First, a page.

US President Ronald Reagan, visiting West Berlin, calls on Mikhail Gorbachev, leader of the USSR, to “tear down this wall.”
The East German government lifts travel restrictions, and crowds begin dismantling the wall.
West and East Germany are reunified as the Federal Republic of Germany.
Gorbachev resigns as president of the Soviet Union, replaced by Boris Yeltsin as president of the new state of Russia.
The Soviet bloc maintained for 40 years that the purpose of the wall was not to keep its people in, but to keep the “fascist West” out — a claim somewhat diluted by the facts. Between 1961 and 1989, more than 5,000 East Germans defeated the wall — whether by tunneling under it, flying over it or simply driving straight through it. The number who traveled in the opposite direction is not thought to be large.
The wall, and all it represented, were a red rag to successive US presidents. Less than two years after its construction, John F. Kennedy told a crowd of 450,000 in West Berlin: “All free men, wherever they may live, are citizens of Berlin, and therefore, as a free man, I take pride in the words, ‘Ich bin ein Berliner!’” Pedants (and bakers) pointed out that he had declared himself to be a jam-filled German pastry, but the point was made.
Twenty-four years later, in a speech at the Brandenburg Gate, Ronald Reagan directly challenged Soviet leader Mikhail Gorbachev: “If you seek peace, if you seek prosperity for the Soviet Union and Eastern Europe … Mr. Gorbachev, tear down this wall!”
Reagan did not have long to wait. As he spoke, the Soviet dominoes were beginning to tumble. The communist government in Poland was booted out of office. Hungary dismantled the fence along its border with Austria, and 13,000 East Germans took that route to the West. There was unrest in Czechoslovakia. East Germany’s puppet leader Erich Honeker resigned in October 1989, having predicted that the wall would stand for another 100 years. He was, as he had been for most of life, wrong.
In the end, the wall came down even more quickly than it went up. After a bungled press conference by an East Berlin Communist Party official on Nov. 9, apparently relaxing the regulations on travel to the West, thousands of jubilant East Germans massed at the wall and demanded that the crossing gates be opened. The more enterprising climbed on top, where they were joined by their brothers and sisters from the other side. Vastly outnumbered and without orders (their commanders were equally confused), the guards simply stood aside. The wall had fallen.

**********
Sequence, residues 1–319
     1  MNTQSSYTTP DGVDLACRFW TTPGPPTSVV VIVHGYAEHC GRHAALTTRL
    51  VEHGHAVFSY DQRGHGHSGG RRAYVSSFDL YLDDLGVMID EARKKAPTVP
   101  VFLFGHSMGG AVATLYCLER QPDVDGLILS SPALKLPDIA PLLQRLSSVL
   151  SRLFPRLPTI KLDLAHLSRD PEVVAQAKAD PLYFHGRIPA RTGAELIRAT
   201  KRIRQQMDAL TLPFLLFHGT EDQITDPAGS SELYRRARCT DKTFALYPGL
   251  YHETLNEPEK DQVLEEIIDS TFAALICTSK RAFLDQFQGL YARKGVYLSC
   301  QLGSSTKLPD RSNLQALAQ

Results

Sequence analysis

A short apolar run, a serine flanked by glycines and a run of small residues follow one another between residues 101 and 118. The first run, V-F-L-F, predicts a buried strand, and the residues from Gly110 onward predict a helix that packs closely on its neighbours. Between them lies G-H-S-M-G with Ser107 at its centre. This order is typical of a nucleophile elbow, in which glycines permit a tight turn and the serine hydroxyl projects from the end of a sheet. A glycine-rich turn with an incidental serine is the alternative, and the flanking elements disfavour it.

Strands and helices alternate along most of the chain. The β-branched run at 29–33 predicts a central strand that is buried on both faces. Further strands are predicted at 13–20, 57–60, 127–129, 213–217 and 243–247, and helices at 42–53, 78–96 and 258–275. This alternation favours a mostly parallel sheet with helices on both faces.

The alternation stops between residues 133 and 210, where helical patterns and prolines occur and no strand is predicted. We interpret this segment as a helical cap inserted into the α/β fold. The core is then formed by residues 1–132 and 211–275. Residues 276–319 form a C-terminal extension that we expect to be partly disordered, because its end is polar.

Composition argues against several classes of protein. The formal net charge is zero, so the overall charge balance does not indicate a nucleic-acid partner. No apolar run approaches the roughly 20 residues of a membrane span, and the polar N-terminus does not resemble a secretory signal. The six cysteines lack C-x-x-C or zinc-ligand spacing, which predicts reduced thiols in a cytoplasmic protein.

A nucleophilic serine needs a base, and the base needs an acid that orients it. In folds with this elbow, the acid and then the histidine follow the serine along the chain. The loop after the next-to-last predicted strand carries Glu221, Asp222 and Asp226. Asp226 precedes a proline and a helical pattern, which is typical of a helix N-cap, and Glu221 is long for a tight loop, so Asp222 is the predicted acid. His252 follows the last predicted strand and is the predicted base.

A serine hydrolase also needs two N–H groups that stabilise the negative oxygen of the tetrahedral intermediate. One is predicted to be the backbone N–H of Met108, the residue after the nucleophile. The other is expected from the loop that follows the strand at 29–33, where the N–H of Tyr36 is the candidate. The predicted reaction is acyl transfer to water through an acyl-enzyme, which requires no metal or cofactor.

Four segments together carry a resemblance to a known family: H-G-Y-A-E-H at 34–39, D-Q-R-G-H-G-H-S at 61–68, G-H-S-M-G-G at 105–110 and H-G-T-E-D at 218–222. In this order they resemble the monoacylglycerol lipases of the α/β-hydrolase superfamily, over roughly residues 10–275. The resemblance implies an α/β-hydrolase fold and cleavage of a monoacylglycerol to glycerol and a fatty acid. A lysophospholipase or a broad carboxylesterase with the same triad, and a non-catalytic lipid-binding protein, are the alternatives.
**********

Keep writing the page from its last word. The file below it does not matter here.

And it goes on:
“Twenty-eight years after locking its citizens in one of the largest prisons ever constructed through the Berlin Wall, the East German regime has given in to the irresistible pressure of freedom.”
From an editorial in Arab News on Nov. 11, 1989
The beaming, blond-haired young man at the immigration counter in Berlin’s Tegel Airport was friendly but firm. “No need!” he declared. “No need to stamp the passport! Today we’re one country once more! A historic day!” We all pleaded: “But you don’t understand, that’s precisely why we want our passports stamped.”
Eventually the pfennig dropped. With Teutonic efficiency, desks were set up in one corner of the arrivals lounge, in front of which anyone with a sense of history queued up to have their passports stamped with that day’s date — Oct. 3, 1990, the day Germany was reunified.
In central Berlin, although the wall had been gone for less than a year, the only sign that it had ever been there was a narrow scar slicing through the heart of the city; the only sign, that is, until you crossed from what had been West into what had been East.
The former was vibrant, a riot of color, and the parties seemed to have been going on since the previous November. The latter was grey — the streets were grey, the buildings were grey, even the people were grey, their faces blighted for a dull pallor betraying decades of poor diet.
Since then, the old East Germany has been playing catch-up, at an eye-watering reunification cost of €2 trillion ($2.14 trillion), but with considerable success — best personified by Angela Merkel. Brought up in the East German city of Leipzig from the age of 3 months, and a member of the official communist youth movement at the age of 14, she is now the right-wing chancellor of Germany. Reagan would be proud.
- Ross Anderson, associate editor at Arab News, was on duty as a senior editor at Today newspaper in London the night the Berlin Wall came down. He visited Germany the following year, and was in Berlin on reunification day, Oct. 3